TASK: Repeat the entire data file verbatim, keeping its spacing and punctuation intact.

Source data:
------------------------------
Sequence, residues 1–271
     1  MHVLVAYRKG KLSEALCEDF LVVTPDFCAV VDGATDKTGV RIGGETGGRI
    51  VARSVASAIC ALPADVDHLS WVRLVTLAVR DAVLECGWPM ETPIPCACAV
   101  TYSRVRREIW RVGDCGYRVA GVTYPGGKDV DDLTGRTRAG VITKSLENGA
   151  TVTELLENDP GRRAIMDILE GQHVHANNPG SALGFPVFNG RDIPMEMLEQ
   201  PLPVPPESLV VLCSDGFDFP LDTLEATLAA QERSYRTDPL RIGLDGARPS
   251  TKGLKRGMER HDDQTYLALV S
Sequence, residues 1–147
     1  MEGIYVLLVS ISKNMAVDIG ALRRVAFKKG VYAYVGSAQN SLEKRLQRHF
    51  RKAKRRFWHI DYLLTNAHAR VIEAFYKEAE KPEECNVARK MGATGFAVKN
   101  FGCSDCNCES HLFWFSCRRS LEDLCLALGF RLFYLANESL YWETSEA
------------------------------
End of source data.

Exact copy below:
Sequence, residues 1–271
     1  MHVLVAYRKG KLSEALCEDF LVVTPDFCAV VDGATDKTGV RIGGETGGRI
    51  VARSVASAIC ALPADVDHLS WVRLVTLAVR DAVLECGWPM ETPIPCACAV
   101  TYSRVRREIW RVGDCGYRVA GVTYPGGKDV DDLTGRTRAG VITKSLENGA
   151  TVTELLENDP GRRAIMDILE GQHVHANNPG SALGFPVFNG RDIPMEMLEQ
   201  PLPVPPESLV VLCSDGFDFP LDTLEATLAA QERSYRTDPL RIGLDGARPS
   251  TKGLKRGMER HDDQTYLALV S
Sequence, residues 1–147
     1  MEGIYVLLVS ISKNMAVDIG ALRRVAFKKG VYAYVGSAQN SLEKRLQRHF
    51  RKAKRRFWHI DYLLTNAHAR VIEAFYKEAE KPEECNVARK MGATGFAVKN
   101  FGCSDCNCES HLFWFSCRRS LEDLCLALGF RLFYLANESL YWETSEA